Tag Archives: Scribner

Review: Fairy Tale

Fairy Tale by Stephen King

Fairy Tale
By Stephen King
Scribner, 9781668002179, September 2022, 608pp.

The Short of It:

My prediction is that lovers of fantasy will absolutely love Fairy Tale. However, that is not me. 

The Rest of It:

Legendary storyteller Stephen King goes into the deepest well of his imagination in this spellbinding novel about a seventeen-year-old boy who inherits the keys to a parallel world where good and evil are at war, and the stakes could not be higher—for that world or ours. ` Indiebound

Although the fantasy elements didn’t win me over, the main character and dog did. Charlie Reade is probably right up there with my favorite King characters. And Radar, his aging canine sidekick, made me like this book even though the fantasy parts didn’t score any  points with me. The one thing that is always true, is that King is a heck of a storyteller. He pulls me right in and I keep drinking his Kool-aid. Willingly. 

While Charlie is caring for his injured neighbor, he stumbles across a mysterious shed, hears some strange sounds and becomes all too aware of how Radar reacts to those noises. Who is in that shed? What is in that shed and what could his neighbor Mr. Bowditch be hiding?

I may be the only reader to notice this but I found some similarities between Fairy Tale and Murakami’s Killing Commendatore and The Wind-up Bird Chronicle. At one point Fairy Tale felt very familiar to me and yet it wasn’t at all what I expected from King. It was at this point that I began to skim a little. It’s a chunk of a book and it felt a tad repetitive but I also wanted to finish it. 

Have you read it? What are  your thoughts? King fans might be surprised by this one but fans of fantasy might find a new favorite in Fairy Tale

Source: Borrowed
Disclosure: This post contains Indiebound affiliate links.

Review: Damnation Spring

Damnation Spring

Damnation Spring
By Ash Davidson
Scribner, 9781982144401, August 2021, 464pp.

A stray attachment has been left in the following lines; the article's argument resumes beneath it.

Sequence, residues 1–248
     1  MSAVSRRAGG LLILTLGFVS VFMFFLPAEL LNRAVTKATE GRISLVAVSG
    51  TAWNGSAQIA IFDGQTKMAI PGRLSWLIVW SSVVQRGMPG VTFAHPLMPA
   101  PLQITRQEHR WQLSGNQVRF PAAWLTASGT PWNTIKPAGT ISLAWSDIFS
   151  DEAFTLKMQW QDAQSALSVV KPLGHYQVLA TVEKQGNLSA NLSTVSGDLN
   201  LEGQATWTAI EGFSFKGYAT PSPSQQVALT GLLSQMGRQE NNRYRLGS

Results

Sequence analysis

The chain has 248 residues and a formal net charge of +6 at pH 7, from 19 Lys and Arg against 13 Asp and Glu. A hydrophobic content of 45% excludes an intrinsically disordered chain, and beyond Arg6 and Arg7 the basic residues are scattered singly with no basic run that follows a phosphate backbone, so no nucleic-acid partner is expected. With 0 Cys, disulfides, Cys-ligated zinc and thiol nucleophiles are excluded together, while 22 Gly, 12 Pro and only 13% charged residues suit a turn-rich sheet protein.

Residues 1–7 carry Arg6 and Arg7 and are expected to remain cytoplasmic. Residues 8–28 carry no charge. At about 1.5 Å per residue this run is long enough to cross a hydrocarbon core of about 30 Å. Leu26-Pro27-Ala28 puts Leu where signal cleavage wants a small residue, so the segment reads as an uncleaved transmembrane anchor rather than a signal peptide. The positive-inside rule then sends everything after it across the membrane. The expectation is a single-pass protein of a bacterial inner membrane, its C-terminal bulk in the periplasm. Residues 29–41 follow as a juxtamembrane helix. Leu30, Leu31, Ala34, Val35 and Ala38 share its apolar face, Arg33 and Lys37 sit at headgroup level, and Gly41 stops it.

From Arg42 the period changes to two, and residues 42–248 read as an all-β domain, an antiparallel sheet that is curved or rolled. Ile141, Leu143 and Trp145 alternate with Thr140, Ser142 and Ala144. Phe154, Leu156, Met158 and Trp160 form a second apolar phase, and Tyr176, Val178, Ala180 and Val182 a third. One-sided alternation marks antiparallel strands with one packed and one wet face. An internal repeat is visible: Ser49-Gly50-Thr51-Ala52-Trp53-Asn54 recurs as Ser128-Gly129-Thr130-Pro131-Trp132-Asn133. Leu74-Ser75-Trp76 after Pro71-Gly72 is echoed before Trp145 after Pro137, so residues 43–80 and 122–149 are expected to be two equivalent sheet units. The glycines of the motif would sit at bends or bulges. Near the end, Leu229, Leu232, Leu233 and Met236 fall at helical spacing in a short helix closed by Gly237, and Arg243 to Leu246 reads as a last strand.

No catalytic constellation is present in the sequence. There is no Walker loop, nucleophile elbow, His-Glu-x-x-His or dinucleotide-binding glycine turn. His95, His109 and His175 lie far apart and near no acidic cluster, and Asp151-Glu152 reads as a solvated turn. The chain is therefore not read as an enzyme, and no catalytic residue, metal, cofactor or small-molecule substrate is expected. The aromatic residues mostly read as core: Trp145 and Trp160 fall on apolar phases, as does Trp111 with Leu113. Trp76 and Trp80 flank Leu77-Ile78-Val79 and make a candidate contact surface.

The Short of It:

Slow build, but worth it in the end.

The Rest of It:

Colleen and Rich Gundersen are raising their young son, Chub, on the rugged California coast. It’s 1977, and life in this Pacific Northwest logging town isn’t what it used to be. For generations, the community has lived and breathed timber; now that way of life is threatened. ~ Indiebound

Damnation Spring is about a lot of things. That is why the story is sticking with me even though I finished it a few days ago. Colleen and Rich don’t have the perfect marriage but there’s love there, especially for their young son Chub. But after eight miscarriages, Colleen wants nothing more than to carry a baby to term but there’s a problem. The spray used to control the growth in their logging community is poisoning their water. Colleen, an amateur midwife to the other women in the community has seen the proof of it more than she cares to admit. Babies, born with half a brain, and now her own sister is pregnant.

Colleen’s determination at finding the cause for her miscarriages creates problems for Rich and his logging team. He wants to ignore it but when he looks at his son Chub, he also doesn’t want to endanger his life or Colleen’s. Plus, he has a financial stake in all of this because he purchased a large part of the land, with the hopes to sell the timber but there are challenges there too. Roads, not owned by him. You might own the timber but you can’t get it out if the roads aren’t available to you.

This was a rich, complicated story about people trying to survive. I loved the complexity of the characters. There is a rawness to the story too. The beauty of the timber, the destruction of the forest, the poisoning of the water and everything around it trying so hard to survive. It was very good and I didn’t notice its length at nearly 500 pages.


Source: Review copy provide by the publisher.
Disclosure: This post contains Indiebound affiliate links.